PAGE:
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NY Fed finds mixed outlook for inflation expectations in March


By Michael S. Derby

(Reuters) -Americans’ outlook for inflation was mixed last month amid expectations for bigger price rises across a range of key goods and services, while worries about missing debt payments mounted, a report from the Federal Reserve Bank of New York said on Monday.

The bank found in its March Survey of Consumer Expectations that the public sees inflation a year from now at 3%, unchanged from the prior month. The expected level of inflation three years from now rose to 2.9% from 2.7% in February, while five years from now inflation is seen at 2.6% from the prior month’s prediction of 2.9%.

Evan as the survey found a fragmented inflation outlook, the public in March forecast bigger rises in food, gasoline, rent, college and medical costs a year from now compared to February. Meanwhile, the expected rise of home prices a year from now held steady at 3% for the sixth straight month.

The New York Fed report on what consumers foresee for the economy comes as Fed officials, traders and investors are trying to divine whether unexpectedly sturdy inflation gains at the start of the year mean that last year’s swift retreat in inflation has stalled. In February, the Fed’s preferred price pressure index, the personal consumption expenditures price index, was up by 2.5% compared to a year earlier, a higher rate than January’s 2.4% year-over-year gain.

Anxiety that inflation may no longer be moving as quickly toward the Fed’s 2% inflation target has driven investors to pare back estimates of when the Fed will be able to lower its short-term rate target, with futures markets now split on the prospect of a June easing. Strong hiring data released on Friday showing robust payroll expansion in March further complicated the case for the Fed cutting rates.

Fed officials have over recent days cautioned that they need to see more progress on inflation before they can sign off on an easing. Fed Governor Michelle Bowman, speaking on Friday, even warned the central bank might need to act further to cool price pressures, saying “while it is not my baseline outlook, I continue to see the risk that at a future meeting we may need to increase the policy rate further should progress on inflation stall or even reverse.”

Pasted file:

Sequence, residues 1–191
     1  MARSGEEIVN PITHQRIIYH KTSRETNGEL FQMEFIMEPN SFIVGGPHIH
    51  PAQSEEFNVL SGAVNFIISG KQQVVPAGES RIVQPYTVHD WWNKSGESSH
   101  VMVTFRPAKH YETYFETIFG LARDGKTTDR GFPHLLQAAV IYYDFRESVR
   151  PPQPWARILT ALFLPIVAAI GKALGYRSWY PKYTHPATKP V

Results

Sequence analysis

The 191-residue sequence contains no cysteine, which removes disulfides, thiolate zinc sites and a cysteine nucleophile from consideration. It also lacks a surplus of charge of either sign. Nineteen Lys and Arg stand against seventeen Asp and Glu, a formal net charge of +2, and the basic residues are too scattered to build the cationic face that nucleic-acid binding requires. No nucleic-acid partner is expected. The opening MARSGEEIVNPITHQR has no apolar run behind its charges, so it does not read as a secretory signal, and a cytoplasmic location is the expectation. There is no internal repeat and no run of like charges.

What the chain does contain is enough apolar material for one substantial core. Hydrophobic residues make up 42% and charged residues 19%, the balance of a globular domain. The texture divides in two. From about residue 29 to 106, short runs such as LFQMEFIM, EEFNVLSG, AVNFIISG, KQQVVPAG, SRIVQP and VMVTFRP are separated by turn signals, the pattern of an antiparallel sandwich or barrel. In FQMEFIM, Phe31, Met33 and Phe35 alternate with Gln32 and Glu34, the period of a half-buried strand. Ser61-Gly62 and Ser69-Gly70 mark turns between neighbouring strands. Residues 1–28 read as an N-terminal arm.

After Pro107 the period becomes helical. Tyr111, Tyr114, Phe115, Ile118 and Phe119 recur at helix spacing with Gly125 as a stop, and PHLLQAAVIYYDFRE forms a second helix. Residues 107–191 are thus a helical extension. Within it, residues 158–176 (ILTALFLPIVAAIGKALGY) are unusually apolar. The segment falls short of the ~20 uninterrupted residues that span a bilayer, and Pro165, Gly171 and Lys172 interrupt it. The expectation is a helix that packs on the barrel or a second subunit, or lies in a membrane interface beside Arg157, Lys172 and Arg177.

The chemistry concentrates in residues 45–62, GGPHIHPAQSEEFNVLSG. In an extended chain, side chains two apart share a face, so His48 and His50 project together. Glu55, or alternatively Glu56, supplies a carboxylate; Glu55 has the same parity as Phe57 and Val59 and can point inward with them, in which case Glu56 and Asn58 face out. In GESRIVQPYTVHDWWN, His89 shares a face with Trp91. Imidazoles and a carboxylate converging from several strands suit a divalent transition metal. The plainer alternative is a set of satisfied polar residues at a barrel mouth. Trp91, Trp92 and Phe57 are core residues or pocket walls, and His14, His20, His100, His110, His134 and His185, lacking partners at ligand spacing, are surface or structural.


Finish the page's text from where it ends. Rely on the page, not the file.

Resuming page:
Fed officials believe the expected path of inflation greatly influences the actual level of inflation and have been sanguine on the state of projected price increases, which have on balance come down amid the broader retreat in inflation.

On Wednesday, markets get a fresh look at price pressures when the government reports on consumer prices for March. The Consumer Price Index is seen rising by 3.4% from the same month a year ago, while stripped of food and energy factors, the index is projected to rise by 3.7%.

“Inflation data remains the top factor in determining the time when it becomes appropriate to cut rates,” said Tim Duy, chief U.S. economist with SGH Macro Advisors. “To keep the June rate cut in play, the Fed needs to see March and April inflation numbers more like those in the second half of last year,” he said, adding “that means this week’s inflation data could knock out a June cut.”

The New York Fed report said that views on the labor market were mixed last month, with expectations about earnings growth unchanged but respondents more pessimistic about job prospects.

And while those surveyed on balance viewed their personal financial situations more positively, the largest number in four years were worried about missing a debt payment. Those fears were concentrated in lower-income households and among respondents aged 40 to 60.

Over recent months Fed data has shown some signs that more consumers are running into challenges on the debt front, burdened by higher borrowing rates tied to Fed policy actions and reduced savings as pandemic support levels have run their course.

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